May 7th, 2012

(no subject)

Few things scream "Third World Country" as loudly as the grid power going out, followed by the building's backup generator coming on with a roar.

Particularly when it happens twice a day.

Satnav (GPS) recommendations wanted.

Anyone have any good recommendations for a satnav that doesn't send you through Harvard Square at the least provocation?

bedfull_o_books is looking for a new satnav. She has finally reached her wits end with her old Magellan unit, which seems incapable of coping effectively with Boston's street layout. It signals turns with insufficient granularity, loses track of where it is and then gets confused as to how to put one back on track, and almost invariably suffers from the Harvard Square problem*. On one memorable occasion it even insisted we were on the wrong side of the Hudson for an hour and a half of high-speed driving, solved only after we crossed to the side of the river it thought we were on.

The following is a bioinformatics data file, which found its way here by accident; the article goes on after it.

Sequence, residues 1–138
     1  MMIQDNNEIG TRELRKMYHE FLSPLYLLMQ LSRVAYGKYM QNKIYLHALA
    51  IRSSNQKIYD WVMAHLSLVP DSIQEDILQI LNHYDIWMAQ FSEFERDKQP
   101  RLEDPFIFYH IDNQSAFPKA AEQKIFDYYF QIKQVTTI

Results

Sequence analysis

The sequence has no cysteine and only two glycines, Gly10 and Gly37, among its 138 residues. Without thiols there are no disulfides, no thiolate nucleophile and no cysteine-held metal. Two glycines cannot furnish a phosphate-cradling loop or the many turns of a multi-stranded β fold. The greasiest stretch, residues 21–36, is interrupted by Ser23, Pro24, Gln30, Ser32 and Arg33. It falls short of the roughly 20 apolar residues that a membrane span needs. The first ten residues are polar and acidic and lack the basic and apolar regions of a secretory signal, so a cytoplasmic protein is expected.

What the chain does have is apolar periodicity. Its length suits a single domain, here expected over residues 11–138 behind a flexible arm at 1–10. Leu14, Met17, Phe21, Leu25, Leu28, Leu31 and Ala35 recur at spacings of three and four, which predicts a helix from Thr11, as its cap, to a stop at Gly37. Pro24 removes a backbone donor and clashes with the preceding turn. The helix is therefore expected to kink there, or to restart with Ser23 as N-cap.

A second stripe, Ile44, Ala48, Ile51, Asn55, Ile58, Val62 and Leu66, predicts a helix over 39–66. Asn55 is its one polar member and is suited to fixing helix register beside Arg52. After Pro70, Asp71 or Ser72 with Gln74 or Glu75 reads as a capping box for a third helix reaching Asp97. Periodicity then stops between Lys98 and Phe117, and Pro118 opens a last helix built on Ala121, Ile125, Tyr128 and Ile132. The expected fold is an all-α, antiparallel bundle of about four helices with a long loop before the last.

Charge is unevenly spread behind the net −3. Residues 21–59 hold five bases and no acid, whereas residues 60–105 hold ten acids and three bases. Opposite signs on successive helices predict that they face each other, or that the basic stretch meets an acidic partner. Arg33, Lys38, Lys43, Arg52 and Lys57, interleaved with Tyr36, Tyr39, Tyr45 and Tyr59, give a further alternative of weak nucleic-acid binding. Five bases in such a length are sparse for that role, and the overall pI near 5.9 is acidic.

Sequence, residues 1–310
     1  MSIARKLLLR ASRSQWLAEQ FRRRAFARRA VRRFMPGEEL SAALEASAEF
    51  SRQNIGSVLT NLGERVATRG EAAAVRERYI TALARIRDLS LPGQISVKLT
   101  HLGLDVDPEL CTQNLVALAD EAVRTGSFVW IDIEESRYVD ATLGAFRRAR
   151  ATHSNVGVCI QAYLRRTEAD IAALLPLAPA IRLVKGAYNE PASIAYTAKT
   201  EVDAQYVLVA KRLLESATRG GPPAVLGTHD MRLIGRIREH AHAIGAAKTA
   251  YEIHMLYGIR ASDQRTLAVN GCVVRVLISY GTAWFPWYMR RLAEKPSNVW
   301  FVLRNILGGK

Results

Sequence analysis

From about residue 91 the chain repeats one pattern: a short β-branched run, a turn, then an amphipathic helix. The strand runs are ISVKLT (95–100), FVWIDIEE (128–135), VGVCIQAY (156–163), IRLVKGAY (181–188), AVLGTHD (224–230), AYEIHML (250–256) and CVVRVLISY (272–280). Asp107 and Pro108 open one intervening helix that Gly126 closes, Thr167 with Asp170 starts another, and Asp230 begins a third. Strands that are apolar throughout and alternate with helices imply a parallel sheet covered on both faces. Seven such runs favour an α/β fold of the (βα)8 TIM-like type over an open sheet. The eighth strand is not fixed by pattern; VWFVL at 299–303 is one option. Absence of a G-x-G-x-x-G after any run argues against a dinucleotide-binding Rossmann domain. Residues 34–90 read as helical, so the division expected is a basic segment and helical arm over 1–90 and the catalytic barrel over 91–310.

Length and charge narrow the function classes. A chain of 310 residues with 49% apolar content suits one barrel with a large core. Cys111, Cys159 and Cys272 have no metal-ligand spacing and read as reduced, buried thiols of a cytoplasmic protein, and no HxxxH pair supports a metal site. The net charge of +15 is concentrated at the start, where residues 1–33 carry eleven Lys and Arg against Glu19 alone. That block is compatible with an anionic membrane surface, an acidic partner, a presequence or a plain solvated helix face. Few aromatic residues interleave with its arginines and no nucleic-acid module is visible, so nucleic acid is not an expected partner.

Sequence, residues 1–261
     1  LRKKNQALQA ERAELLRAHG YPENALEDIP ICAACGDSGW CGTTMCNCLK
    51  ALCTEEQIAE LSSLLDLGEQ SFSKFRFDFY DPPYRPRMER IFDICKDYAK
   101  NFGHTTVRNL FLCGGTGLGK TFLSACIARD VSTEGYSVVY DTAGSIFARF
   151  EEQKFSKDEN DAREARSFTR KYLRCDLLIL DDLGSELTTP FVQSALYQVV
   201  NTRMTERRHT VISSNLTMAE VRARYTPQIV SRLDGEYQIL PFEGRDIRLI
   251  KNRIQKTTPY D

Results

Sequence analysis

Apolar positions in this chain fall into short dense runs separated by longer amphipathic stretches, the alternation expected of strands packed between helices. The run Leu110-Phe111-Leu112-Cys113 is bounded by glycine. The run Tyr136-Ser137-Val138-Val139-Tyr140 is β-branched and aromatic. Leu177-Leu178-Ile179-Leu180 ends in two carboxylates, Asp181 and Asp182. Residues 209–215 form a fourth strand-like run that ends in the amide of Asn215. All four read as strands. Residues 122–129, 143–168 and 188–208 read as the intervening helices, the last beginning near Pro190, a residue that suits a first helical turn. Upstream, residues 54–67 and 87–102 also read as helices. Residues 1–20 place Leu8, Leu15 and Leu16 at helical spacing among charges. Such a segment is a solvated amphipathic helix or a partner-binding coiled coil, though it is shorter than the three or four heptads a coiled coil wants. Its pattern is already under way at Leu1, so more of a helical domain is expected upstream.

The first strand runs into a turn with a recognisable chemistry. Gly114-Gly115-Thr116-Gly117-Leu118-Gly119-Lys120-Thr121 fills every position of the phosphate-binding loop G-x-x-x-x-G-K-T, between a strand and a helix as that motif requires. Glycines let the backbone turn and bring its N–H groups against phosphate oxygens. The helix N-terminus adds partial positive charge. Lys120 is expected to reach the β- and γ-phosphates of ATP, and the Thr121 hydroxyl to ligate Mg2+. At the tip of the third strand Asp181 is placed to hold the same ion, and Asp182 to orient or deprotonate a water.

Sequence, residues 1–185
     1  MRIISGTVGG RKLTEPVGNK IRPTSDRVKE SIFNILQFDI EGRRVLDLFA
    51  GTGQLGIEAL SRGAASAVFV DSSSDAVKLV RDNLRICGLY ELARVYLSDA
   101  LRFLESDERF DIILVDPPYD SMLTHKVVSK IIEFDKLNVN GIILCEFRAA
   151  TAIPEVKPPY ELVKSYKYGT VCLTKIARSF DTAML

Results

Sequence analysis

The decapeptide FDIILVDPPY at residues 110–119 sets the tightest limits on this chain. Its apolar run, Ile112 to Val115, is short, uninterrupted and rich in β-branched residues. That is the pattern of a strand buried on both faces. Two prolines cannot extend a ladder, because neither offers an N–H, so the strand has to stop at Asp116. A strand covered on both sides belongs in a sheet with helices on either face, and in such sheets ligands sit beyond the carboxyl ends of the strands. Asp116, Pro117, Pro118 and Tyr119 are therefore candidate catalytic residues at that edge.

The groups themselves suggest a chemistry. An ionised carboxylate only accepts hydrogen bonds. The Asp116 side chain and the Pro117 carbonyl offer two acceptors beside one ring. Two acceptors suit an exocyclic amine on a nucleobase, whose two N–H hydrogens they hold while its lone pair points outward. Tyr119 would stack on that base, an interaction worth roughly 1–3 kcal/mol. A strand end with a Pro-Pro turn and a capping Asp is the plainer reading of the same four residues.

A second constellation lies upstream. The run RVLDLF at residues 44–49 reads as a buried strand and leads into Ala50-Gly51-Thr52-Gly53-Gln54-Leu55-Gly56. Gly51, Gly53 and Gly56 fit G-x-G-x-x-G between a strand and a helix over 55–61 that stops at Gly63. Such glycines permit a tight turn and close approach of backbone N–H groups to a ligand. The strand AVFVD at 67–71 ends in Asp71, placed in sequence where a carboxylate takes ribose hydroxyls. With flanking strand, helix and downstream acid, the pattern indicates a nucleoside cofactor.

I have problems with its parochiality. To it, roads outside the continental US are terra incognita. For me personally, this is crippling. Even my Cheetah GPS red light/speed camera warning device knows about cameras in Europe and Australasia, as well as the US and Canada. (I recommend this device, and its perpetual database update add-on, to anyone who drives in places with speed and red-light camera revenue enhancement devices.)

As it turns out, other people have asked this question. Unfortunately those threads are years old, and dead. Apparently there wasn't an easy answer to this question.

I would guess that any satnav capable of dealing with London's street layout would be able to deal with Boston. If the satnav can get me from Hanger Lane to Islington without doing something insane like sending me south of Regents Park (just to take a random example) it should be able to avoid Harvard Square.

Unfortunately, stories of antics perpetrated by drivers too slavishly following satnavs in Britain are legion. So I don't hold out great hope.

But your suggestions are welcome.

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